That's What She Said

Corporate Espionage for Dummies

Prison Sentences for Michael, Dwight, and Jim: Up to seven years for interception of oral communications plus up to seven years for attempted theft of trade secrets. There may also be criminal conspiracy prosecutions against Meredith, Oscar, and Ryan.

Litigation Value: Danny Cordray’s action for invasion of privacy and intentional infliction of emotional distress against Dunder Mifflin and several individuals = $250,000. Osprey’s action against Dunder Mifflin and several individuals for misappropriation of trade secrets = an injunction and damages to be proved at trial.

This week’s episode is entitled “The Sting.” In the 1973 film of the same name, Robert Redford and Paul Newman play slick con men who team up to pull off an exquisite double-cross of a Chicago gangster. Fast forward to 2010 Dunder Mifflin. Michael, Dwight, and Jim might go to prison for their bumbled attempt to steal confidential information from a Scranton paper salesman.

Pennsylvania’s wiretap law makes it a third-degree felony to intercept a written, electronic, or oral communication without prior consent from all parties to the communication. It is also a third-degree felony to wrongfully appropriate another’s trade secrets for one’s own use. The fact that Michael and Co. might not have learned anything of value probably doesn’t matter. Attempting to commit a crime is its own criminal act.

But before we fret that Cecilia Marie Halpert won’t see her daddy until she’s a teenager, the boys might be able to shorten their prison sentences. It is a complete defense to theft of trade secrets if the information at issue does not in fact constitute a trade secret. The Pennsylvania theft-of-trade-secret statute defines a trade secret as any process, formula, or other information that has value, is maintained in confidence, and is not available in the public domain. Michael, Dwight, and Jim could argue that watching Danny Cordray’s sales methods doesn’t rise to the level of stealing a trade secret.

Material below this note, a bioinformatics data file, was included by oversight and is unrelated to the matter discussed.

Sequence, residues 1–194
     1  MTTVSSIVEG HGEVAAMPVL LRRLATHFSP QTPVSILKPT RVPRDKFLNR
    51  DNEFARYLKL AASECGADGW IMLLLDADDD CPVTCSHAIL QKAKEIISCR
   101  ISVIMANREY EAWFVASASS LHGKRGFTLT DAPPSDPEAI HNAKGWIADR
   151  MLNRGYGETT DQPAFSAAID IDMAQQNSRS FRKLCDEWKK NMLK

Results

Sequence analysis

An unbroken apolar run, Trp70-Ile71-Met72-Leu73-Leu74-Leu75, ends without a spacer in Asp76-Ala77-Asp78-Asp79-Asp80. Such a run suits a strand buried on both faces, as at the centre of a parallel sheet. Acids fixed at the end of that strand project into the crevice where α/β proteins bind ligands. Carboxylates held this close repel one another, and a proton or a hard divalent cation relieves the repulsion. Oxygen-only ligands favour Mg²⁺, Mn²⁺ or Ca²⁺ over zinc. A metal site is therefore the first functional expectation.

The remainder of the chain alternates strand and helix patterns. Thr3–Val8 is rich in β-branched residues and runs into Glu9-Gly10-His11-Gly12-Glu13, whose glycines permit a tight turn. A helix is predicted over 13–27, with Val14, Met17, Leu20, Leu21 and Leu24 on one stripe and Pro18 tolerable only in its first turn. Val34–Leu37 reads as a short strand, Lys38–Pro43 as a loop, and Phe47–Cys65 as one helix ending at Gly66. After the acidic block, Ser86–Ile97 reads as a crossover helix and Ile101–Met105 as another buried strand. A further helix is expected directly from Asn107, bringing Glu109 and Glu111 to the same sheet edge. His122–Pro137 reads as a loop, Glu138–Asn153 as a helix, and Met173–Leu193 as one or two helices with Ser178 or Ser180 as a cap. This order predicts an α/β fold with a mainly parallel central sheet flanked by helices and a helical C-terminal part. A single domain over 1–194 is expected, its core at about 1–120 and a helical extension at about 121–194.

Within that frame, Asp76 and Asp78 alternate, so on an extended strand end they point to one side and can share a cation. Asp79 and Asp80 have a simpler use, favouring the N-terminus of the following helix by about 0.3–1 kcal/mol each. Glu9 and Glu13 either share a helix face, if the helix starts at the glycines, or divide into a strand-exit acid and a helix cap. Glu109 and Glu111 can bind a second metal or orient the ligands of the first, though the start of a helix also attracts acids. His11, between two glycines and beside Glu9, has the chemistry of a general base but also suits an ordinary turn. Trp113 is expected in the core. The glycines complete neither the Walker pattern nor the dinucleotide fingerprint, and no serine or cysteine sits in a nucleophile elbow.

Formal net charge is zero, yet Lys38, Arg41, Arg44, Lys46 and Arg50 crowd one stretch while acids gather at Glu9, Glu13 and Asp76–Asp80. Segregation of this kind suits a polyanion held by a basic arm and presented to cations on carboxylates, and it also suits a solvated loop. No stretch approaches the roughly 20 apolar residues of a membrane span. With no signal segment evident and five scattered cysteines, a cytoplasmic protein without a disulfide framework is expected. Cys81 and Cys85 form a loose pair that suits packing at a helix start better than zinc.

Criminal sanctions aren’t Dunder Mifflin’s only concern. Danny has lucrative tort claims against Dunder Mifflin and the employees involved for invasion of privacy and intentional infliction of emotional distress. He was surreptitiously recorded and observed, without his consent, during what he believed to be a private sales meeting. His privacy was undoubtedly invaded. As for emotional distress, the key element of the claim is that the defendant’s conduct must be “extreme and outrageous.” Hello. Did you watch this episode?

Danny’s former company, Osprey, may also have civil claims against Dunder Mifflin for attempting to misappropriate Osprey’s confidential business information from Danny. Hard to imagine a judge who would not issue a restraining order against Dunder Mifflin after hearing evidence of their hidden camera scheme.

“The Sting” offered much from the employment law point of view. When this blog covers the re-run, maybe we’ll explore Stanley’s potential “regarded as” claim under the Americans with Disabilities Act (ADA) for Michael’s diabetes comments. Or Meredith’s national origin bias toward her coworker and “cleaning man,” Oscar. All in all, a great episode.  Wish it could have been longer.

. . . That’s what she said.